Senator PRATT: I was simply asking the Climate Change Authority about their own legislative—

Senator Cormann: No, you were asking about how the government could make a certain decision.

Senator PRATT: I was asking about the relationship between the Climate Change Authority's legislative responsibility to conduct that review and the other reviews going on.

Senator Cormann: If you want to rephrase your question and direct it—

Senator PRATT: I have rephrased the question.

Senator Cormann: I do not think you have rephrased it quite enough. The Climate Change Authority cannot answer questions in relation to the motivations of the government. They can answer questions in relation to, obviously, their activities and their responsibilities under the act.

Ms Harris : What I can say is that we do have legislative responsibilities at present to conduct a review. That review is not due until 31 December. What I can say is that the Climate Change Authority has not commenced that review.

Senator PRATT: So you have not commenced—

Ms Harris : We have not commenced a formal review of the renewable energy target. What we have commenced, in the form of releasing a request for tender, is some work which could be described as coming under our broad legislative ability to conduct research on matters relating to climate change and some work in relation to the electricity sector. But I would not want this to be described—as it has unfortunately been described in some newspaper articles—as our own review of the renewable energy target. It is not that. We are commencing some research work, which is not the same as a review of the RET under the act.

Senator PRATT: So what, currently, are your statutory obligations under the act to review the RET?

Ms Harris : The act requires that we undertake a review of the legislation and the regulations by 31 December this year and every two years.

Senator PRATT: I know it is government policy that the CCA be abolished. However, you have not yet been abolished, so are you preparing for a review of the RET as mandated?

Ms Harris : We are not starting that review at this current time. You would appreciate that it is a difficult time to be planning how to make a useful contribution given the inherent uncertainties about the longevity of the Climate Change Authority. The authority members are very keen to make sure that the Climate Change Authority makes a constructive contribution to the public debate in the area of climate change policy. The work we have commenced doing is meant to do two things. It is a research program that we hope will be useful and a constructive contribution in the current environment. Also, if we were not abolished, it would be preparatory work that would be helpful in making sure we could deliver on our statutory review requirements by 31 December.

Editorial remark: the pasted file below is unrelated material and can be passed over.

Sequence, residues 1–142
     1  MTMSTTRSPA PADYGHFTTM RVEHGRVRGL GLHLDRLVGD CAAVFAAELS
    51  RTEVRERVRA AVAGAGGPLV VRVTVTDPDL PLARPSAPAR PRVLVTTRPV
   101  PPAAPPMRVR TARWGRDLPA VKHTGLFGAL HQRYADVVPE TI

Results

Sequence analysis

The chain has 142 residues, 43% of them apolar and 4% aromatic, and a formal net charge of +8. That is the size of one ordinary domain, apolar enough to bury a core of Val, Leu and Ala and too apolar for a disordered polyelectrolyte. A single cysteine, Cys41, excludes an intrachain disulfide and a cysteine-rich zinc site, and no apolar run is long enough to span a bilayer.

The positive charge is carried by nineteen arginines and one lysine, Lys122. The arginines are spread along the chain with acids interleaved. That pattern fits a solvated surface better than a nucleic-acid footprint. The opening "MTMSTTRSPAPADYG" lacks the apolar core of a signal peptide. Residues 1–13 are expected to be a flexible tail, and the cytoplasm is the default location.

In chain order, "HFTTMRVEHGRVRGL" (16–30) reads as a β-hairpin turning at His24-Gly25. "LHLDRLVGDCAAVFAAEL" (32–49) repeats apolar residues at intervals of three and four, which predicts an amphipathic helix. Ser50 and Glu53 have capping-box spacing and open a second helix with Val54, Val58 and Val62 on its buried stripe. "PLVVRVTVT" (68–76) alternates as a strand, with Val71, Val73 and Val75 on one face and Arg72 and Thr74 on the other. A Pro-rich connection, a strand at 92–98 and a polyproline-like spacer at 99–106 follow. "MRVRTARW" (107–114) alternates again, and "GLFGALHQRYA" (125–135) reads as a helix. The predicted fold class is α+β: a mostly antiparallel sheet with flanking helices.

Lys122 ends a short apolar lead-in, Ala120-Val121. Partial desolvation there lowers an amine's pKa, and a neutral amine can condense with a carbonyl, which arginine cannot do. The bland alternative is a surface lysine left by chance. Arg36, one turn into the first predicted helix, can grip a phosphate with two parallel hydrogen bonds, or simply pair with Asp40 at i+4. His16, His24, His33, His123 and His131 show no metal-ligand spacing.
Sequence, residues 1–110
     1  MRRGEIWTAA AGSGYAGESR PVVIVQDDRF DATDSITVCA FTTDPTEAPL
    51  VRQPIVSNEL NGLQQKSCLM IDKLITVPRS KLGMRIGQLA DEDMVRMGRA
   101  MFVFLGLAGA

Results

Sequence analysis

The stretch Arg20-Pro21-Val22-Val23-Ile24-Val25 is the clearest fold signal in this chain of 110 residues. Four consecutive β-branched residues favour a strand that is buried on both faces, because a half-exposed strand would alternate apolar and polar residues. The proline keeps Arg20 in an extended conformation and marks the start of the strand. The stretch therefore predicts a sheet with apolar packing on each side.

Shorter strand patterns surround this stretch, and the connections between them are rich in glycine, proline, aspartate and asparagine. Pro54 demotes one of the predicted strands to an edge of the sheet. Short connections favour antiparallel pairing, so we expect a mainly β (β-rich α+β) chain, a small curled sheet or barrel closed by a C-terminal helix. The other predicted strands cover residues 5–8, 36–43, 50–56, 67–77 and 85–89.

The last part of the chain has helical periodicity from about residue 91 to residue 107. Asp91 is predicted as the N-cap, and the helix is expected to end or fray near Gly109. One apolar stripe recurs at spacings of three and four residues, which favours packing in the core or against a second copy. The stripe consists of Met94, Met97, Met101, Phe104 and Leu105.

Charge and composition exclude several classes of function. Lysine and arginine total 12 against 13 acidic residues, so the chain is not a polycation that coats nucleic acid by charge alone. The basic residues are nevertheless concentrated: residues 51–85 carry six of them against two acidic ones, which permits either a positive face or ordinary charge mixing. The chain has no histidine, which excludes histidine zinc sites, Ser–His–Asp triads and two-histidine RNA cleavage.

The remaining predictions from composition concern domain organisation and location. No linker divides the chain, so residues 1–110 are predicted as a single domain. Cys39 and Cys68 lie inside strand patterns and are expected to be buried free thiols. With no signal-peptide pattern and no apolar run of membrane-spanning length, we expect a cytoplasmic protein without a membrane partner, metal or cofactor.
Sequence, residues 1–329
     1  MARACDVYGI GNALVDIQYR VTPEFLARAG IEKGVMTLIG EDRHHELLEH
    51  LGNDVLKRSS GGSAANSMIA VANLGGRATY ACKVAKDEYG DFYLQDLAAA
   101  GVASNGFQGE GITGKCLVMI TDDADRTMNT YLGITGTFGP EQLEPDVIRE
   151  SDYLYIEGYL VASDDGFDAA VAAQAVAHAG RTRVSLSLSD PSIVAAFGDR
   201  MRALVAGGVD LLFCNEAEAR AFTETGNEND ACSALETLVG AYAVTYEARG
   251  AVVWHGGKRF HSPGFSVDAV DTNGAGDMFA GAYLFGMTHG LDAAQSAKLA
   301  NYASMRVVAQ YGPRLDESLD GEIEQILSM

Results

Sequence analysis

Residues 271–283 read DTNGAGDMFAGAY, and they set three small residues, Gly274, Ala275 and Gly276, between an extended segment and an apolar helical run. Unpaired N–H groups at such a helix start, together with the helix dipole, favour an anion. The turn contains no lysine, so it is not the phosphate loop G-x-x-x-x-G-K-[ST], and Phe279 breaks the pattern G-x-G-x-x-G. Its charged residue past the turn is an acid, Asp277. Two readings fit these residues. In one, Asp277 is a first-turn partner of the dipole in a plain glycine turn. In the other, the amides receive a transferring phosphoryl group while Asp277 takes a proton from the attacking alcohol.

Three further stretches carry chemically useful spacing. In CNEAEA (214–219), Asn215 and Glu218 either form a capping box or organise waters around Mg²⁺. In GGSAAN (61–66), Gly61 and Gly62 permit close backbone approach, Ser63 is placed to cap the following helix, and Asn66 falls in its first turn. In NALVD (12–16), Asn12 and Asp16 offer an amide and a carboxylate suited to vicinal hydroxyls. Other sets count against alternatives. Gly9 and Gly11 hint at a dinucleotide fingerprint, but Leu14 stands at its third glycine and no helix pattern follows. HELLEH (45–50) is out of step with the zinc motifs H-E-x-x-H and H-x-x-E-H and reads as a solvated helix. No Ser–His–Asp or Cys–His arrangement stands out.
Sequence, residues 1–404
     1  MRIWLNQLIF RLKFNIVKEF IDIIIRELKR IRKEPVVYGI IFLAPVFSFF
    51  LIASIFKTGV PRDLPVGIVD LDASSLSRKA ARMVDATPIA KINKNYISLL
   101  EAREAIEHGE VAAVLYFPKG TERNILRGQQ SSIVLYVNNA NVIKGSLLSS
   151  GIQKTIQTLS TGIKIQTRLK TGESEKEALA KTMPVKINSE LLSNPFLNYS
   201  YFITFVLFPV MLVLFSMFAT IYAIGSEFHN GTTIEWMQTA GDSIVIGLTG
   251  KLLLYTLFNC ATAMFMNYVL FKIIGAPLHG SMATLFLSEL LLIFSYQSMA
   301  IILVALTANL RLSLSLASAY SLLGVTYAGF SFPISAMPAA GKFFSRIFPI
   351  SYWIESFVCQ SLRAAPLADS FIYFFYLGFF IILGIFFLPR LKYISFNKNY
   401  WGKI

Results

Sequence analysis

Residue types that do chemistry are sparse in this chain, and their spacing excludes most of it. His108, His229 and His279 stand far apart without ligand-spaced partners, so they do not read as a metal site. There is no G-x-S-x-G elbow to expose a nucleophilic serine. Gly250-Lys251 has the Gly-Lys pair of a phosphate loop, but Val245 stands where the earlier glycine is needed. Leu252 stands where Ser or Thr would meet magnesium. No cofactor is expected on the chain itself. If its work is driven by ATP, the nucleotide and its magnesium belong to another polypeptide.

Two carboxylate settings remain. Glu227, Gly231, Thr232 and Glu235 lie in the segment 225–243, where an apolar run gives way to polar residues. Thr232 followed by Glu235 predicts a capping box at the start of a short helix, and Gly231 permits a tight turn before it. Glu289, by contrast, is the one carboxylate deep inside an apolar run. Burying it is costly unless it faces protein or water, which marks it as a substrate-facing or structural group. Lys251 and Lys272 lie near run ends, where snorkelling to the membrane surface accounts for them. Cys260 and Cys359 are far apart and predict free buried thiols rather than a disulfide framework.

Senator PRATT: If you were not abolished—

Senator Cormann: 'If you were not abolished'—that is a hypothetical question.

Senator PRATT: It is not a hypothetical.

Senator Cormann: 'If'.

Senator PRATT: If the laws continue to exist—which is a real possibility, Senator Cormann—how will you meet your statutory obligations, Ms Harris?

Ms Harris : We would conduct a review. The review requirements in the legislation do not include, it is fair to say, detailed terms of reference. They do require us to look at the act and the regulations. They do require us to consult. We would of course make sure that those requirements are met. We do not have detailed timing for an issues paper, a draft paper and all of those sorts of arrangements at this stage.

Senator Cormann: What I would suggest, Senator Pratt, is that if the hypothetical—

Senator PRATT: It is not a hypothetical. These are the current laws—

Senator Cormann: It is a hypothetical. If—

CHAIR: Order! Senator Pratt, the minister has the call.

Senator Cormann: If you are interested in pursuing this hypothetical line of questioning—

Senator PRATT: It is not a hypothetical line of questioning.

Senator Cormann: If you would just let me finish.

Senator PRATT: It is a statutory obligation of this organisation to undertake a review.

Senator Cormann: You are talking about a time in the future when something you are suggesting may or may not happen. The right time to ask these sorts of questions is at the estimates in the second half of 2014 when we actually have some facts in front of us—what the actual situation is. At the moment, you are inviting officers of the Climate Change Authority to speculate about what or what might not happen in certain circumstances which you are suggesting may or may not happen.